Include information about substitute decision-makers in any consumer communications about informed consent.

Develop an associated procedure for identifying and appointing a substitute decision-maker, such as a determination flowchart.

Periodically review the design and performance of these processes

Periodically review processes to evaluate whether they meet the needs of patients and reflect best practice. Strategies may include:

  • Collecting informal feedback from patients during discussions in waiting rooms and during ward rounds to see whether they felt involved in their healthcare decision-making

  • Collecting formal feedback from consumers through submissions and events (such as focus groups or community meetings) to see whether they felt involved in their healthcare decision-making

  • Surveying patients to self-report on their experience and satisfaction with the level of engagement they had in their healthcare decision-making.

For guidance on undertaking consultations and surveys, see the Victorian Government’s Engagement Toolkit.

Day Procedure Services

Under Australian legislation, all adults are presumed to have the capacity to decide whether they wish to receive health care, except when it can be shown that they lack the capacity to do so.

A person has the capacity to make a decision about their care if they can1:

  • Understand and retain the information needed to make a decision
  • Use the information to make a judgement about the decision
  • Communicate the decision in some way, including by speech, gestures or other means.

Decision-making capacity can be decision- and situation-specific. This means that a person’s capacity can vary at different times, in different circumstances and between different types of decisions.

Review processes for determining patients’ capacity to make decisions

If the day procedure service is part of a larger or networked group of day procedure service providers, see whether the wider group has any policies or procedures for identifying patients who do not have the capacity to make decisions about their own care. Ensure that the organisation has adopted any such existing policies or procedures.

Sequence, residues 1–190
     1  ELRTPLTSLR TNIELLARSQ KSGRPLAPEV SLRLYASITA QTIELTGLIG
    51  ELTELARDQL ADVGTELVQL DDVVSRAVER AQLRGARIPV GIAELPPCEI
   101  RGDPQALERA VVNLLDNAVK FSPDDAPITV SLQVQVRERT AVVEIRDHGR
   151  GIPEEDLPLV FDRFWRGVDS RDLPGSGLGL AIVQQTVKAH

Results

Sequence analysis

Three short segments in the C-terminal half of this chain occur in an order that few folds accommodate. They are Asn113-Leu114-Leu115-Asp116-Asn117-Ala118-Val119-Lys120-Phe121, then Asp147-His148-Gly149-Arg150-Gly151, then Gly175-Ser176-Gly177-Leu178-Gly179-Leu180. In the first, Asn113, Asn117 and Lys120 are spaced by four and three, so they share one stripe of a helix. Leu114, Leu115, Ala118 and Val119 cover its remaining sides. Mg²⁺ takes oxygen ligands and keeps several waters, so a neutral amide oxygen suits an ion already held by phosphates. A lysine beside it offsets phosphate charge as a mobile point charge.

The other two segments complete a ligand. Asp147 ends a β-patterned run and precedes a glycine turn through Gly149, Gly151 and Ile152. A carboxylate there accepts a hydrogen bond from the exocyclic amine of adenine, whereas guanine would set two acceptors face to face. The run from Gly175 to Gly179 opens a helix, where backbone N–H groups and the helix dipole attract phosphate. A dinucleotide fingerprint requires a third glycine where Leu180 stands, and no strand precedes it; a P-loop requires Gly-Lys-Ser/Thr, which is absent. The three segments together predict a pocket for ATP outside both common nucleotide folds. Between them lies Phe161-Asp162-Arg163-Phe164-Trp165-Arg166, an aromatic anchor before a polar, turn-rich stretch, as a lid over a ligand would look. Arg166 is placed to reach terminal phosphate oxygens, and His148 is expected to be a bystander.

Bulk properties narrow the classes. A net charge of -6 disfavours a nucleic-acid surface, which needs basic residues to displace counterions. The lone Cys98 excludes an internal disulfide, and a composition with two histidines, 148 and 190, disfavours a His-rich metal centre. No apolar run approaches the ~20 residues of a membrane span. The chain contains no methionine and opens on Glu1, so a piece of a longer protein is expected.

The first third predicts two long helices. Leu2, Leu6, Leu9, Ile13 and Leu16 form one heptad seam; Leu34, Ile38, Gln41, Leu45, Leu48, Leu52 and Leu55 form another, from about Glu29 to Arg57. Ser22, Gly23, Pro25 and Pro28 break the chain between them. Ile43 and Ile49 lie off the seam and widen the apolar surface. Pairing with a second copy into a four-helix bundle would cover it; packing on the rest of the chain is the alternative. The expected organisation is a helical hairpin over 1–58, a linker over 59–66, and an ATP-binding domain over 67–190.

If no such policies or procedures exist, the day procedure service should implement a system to identify:

  • Patients who do not have the capacity to make decisions about their own health care
  • Appropriate substitute decision-makers who can make decisions on behalf of the patient.

If these systems are not in place, use the strategies below to develop them:

  • Review the local legislation regarding the criteria for a patient to be considered capable of making decisions about their own care, and incorporate these criteria into any policies and procedures that the organisation develops; state and territory legislation may differ in its definition of patients who have the capacity to make healthcare decisions1, 2
  • Develop an organisational policy that outlines the requirements of clinicians to assess patients for their capacity to make healthcare decisions
  • Work with clinicians and consumers to develop procedures to support the organisational policy, including guidance on
    • assessing decision-making capacity during pre-admission screening
    • assessing fluctuations in decision-making capacity
    • considerations for special populations, such as children
    • requirements for recording and documenting decisions
  • Educate the workforce about assessing a person’s capacity to make decisions about their care; consider training from a third party with expertise in this area, such as Capacity Australia
  • Develop or provide resources and tools to reinforce training and assist the workforce to assess a person’s capacity to make decisions; SA Health’s Impaired Decision Making Factsheet is an example.

Review processes for identifying substitute decision-makers